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PRESS RELEASE
07.22.2011
Source: Jet Propulsion Laboratory

NASA's Next Mars Rover to Land at Gale Crater

msl20110722_hmpg.jpg
Gale Crater: Future Home of Mars Rover Curiosity
This view of Gale is a mosaic of observations made in the visible-light portion of the spectrum by the Thermal Emission Imaging System camera on NASA's Mars Odyssey orbiter.

PASADENA, Calif. -- NASA's next Mars rover will land at the foot of a layered mountain inside the planet’s Gale Crater.

The car-sized Mars Science Laboratory, or Curiosity, is scheduled to launch late this year and land in August 2012. The target crater spans 96 miles (154 kilometers) in diameter and holds a mountain rising higher from the crater floor than Mount Rainier rises above Seattle. Gale is about the combined area of Connecticut and Rhode Island. Layering in the mound suggests it is the surviving remnant of an extensive sequence of deposits. The crater is named for Australian astronomer Walter F. Gale.

"Mars is firmly in our sights," said NASA Administrator Charles Bolden. "Curiosity not only will return a wealth of important science data, but it will serve as a precursor mission for human exploration to the Red Planet."

During a prime mission lasting one Martian year -- nearly two Earth years -- researchers will use the rover's tools to study whether the landing region had favorable environmental conditions for supporting microbial life and for preserving clues about whether life ever existed.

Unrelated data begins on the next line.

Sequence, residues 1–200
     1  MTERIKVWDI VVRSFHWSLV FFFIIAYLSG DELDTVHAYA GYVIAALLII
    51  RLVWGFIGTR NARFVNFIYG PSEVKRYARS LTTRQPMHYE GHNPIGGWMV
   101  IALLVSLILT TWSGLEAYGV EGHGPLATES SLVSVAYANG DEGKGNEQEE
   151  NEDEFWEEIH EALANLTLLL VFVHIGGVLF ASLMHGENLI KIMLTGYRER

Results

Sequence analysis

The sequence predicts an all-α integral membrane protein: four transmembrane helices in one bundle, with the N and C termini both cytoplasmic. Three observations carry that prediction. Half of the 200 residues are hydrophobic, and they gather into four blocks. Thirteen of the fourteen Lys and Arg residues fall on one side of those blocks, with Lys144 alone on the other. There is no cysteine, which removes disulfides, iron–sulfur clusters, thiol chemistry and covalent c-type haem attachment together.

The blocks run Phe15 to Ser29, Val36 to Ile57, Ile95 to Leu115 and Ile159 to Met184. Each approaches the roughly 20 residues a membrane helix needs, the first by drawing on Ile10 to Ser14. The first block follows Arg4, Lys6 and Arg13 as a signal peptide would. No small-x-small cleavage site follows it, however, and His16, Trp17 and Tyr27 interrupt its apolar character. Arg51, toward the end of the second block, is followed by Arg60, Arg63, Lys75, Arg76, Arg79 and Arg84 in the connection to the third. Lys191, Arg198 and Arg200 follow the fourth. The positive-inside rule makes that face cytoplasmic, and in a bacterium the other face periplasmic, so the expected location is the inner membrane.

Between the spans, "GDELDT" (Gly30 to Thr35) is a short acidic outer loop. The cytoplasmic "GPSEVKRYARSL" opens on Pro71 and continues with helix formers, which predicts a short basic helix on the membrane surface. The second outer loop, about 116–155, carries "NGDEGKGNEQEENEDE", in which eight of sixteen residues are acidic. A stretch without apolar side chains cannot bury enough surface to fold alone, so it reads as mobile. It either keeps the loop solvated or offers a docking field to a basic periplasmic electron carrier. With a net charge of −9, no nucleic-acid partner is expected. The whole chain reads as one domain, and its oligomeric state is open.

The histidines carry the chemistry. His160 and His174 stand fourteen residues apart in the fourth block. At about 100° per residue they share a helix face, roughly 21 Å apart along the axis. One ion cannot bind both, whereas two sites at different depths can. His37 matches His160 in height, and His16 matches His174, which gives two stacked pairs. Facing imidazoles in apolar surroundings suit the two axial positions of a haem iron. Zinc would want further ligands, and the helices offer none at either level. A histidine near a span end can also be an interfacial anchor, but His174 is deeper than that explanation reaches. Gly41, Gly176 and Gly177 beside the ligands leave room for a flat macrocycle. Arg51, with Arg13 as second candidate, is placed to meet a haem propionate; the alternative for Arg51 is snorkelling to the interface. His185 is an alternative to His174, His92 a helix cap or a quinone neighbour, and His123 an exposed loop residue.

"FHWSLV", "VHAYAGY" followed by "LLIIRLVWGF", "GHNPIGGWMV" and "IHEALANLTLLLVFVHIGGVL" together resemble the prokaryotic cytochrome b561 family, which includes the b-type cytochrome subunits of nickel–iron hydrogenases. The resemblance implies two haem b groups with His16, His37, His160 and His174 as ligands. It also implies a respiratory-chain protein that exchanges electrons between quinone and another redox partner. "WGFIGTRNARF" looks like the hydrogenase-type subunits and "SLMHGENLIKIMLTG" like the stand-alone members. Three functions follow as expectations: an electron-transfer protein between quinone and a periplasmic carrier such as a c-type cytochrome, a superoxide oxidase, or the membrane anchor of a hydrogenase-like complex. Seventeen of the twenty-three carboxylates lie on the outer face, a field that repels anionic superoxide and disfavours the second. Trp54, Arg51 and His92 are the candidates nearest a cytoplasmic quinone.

"Scientists identified Gale as their top choice to pursue the ambitious goals of this new rover mission," said Jim Green, director for the Planetary Science Division at NASA Headquarters in Washington. "The site offers a visually dramatic landscape and also great potential for significant science findings."

In 2006, more than 100 scientists began to consider about 30 potential landing sites during worldwide workshops. Four candidates were selected in 2008. An abundance of targeted images enabled thorough analysis of the safety concerns and scientific attractions of each site. A team of senior NASA science officials then conducted a detailed review and unanimously agreed to move forward with the MSL Science Team's recommendation. The team is comprised of a host of principal and co-investigators on the project.

Curiosity is about twice as long and more than five times as heavy as any previous Mars rover. Its 10 science instruments include two for ingesting and analyzing samples of powdered rock that the rover's robotic arm collects. A radioisotope power source will provide heat and electric power to the rover. A rocket-powered sky crane suspending Curiosity on tethers will lower the rover directly to the Martian surface.

The portion of the crater where Curiosity will land has an alluvial fan likely formed by water-carried sediments. The layers at the base of the mountain contain clays and sulfates, both known to form in water.

"One fascination with Gale is that it's a huge crater sitting in a very low-elevation position on Mars, and we all know that water runs downhill," said John Grotzinger, the mission's project scientist at the California Institute of Technology in Pasadena, Calif. "In terms of the total vertical profile exposed and the low elevation, Gale offers attractions similar to Mars' famous Valles Marineris, the largest canyon in the solar system."